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Summary

The fourth book in the Science of Discworld series, and this time around dealing with the really big questions, Terry Pratchett’s brilliant new Discworld story Judgement Day is annotated with very big footnotes (the interleaving chapters) by mathematician Ian Stewart and biologist Jack Cohen, to bring you a mind-mangling combination of fiction, cutting-edge science and philosophy.

Marjorie Daw is a librarian, and takes her job – and indeed the truth of words – very seriously. She doesn’t know it, but her world and ours – Roundworld – is in big trouble. On Discworld, a colossal row is brewing…The Wizards of Unseen University feel responsible for Roundworld (as one would for a pet gerbil). After all, they brought it into existence by bungling an experiment in Quantum ThaumoDynamics. But legal action is being brought against them by Omnians, who say that the Wizards’ god-like actions make a mockery of their noble religion.

As the finest legal brains in Discworld (a zombie and a priest) gird their loins to do battle – and when the Great Big Thing in the High Energy Magic Laboratory is switched on – Marjorie Daw finds herself thrown across the multiverse and right in the middle of the whole explosive affair.

As God, the Universe and, frankly, Everything Else is investigated by the trio, you can expect world-bearing elephants, quantum gravity in the Escher-verse, evolutionary design, eternal inflation, dark matter, disbelief systems – and an in-depth study of how to invent a better mousetrap.

©2013 Terry and Lyn Pratchett, Joat Enterprises and Jack Cohen 2013 (P)2013 Random House Audiobooks

What members say

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    5 out of 5 stars
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Science made simple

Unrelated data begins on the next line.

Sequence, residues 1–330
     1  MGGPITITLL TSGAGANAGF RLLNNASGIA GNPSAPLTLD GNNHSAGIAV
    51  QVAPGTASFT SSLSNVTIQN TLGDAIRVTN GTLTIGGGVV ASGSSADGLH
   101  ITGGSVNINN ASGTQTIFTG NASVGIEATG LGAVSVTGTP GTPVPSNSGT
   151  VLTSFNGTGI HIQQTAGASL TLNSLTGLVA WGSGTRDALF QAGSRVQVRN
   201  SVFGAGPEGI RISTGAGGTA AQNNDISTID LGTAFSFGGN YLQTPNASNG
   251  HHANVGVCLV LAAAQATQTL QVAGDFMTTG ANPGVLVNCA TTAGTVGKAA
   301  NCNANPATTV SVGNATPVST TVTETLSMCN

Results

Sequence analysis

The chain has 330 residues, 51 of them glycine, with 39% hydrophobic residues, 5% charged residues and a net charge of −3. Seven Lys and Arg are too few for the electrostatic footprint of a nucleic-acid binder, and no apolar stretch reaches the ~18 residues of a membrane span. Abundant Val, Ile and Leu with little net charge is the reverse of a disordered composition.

The Science of Discworld books should in all school libraries. They are a good, fun way to look at our universe.

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    4 out of 5 stars
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Disc world is real?

A nice way to learn about the world ,
Both flat and spherical.
longerr chapters on the disc next time would be helpful.

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  • LJ
  • Norfolk, UK
  • 21-05-16

Proper science told engagingly and well.<br />

Bang up to date and with plenty of modern parables. Buy it for your friends who had no science education.

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  • Robert
  • wrexham, United Kingdom
  • 31-12-14

Once again amazing


This take a slightly different approach to the other 3 which have mostly stayed clear of religious issues, but this tile there are tacked head on, in a interesting and informative way.

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More of the strange blend, of fact, and disk world

If you could sum up The Science of Discworld IV in three words, what would they be?

Magic Meets Science

What other book might you compare The Science of Discworld IV to, and why?

More from the ongoing sieres, of disk world science. A parallel to the disk world books, including a lot of actual information on (our) round world science. It gives the diskworld fan an insight into the mind of the writer, and some interesting facts.

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  • Allen
  • Bridgwater, United Kingdom
  • 08-07-13

Very good read but...

Would you listen to The Science of Discworld IV again? Why?

Very interesting bit of info, too much to take in one go

What other book might you compare The Science of Discworld IV to, and why?

Previous "of discworld" booms

Which scene did you most enjoy?

Discovering what roundworld is and how it formed

Did you have an emotional reaction to this book? Did it make you laugh or cry?

A very funny piece, chooses its comedy wisely,

Any additional comments?

Very good read, is a little too based in reality with reference to discworld, I expected it to bathe other way round

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  • James
  • 14-11-16

A classic theology of atheism. Pick what suits

Methodology that is encased in the exact thing it portrays to abhor. Decides all religious leanings are the same and is, as pompous as could be.

Loved the 'make-believe' Discworld bits, but the arrogance of perceived intellect, from the 'factual' interludes was embarrassing.

'can't explain the basics' Dawkins, would be proud.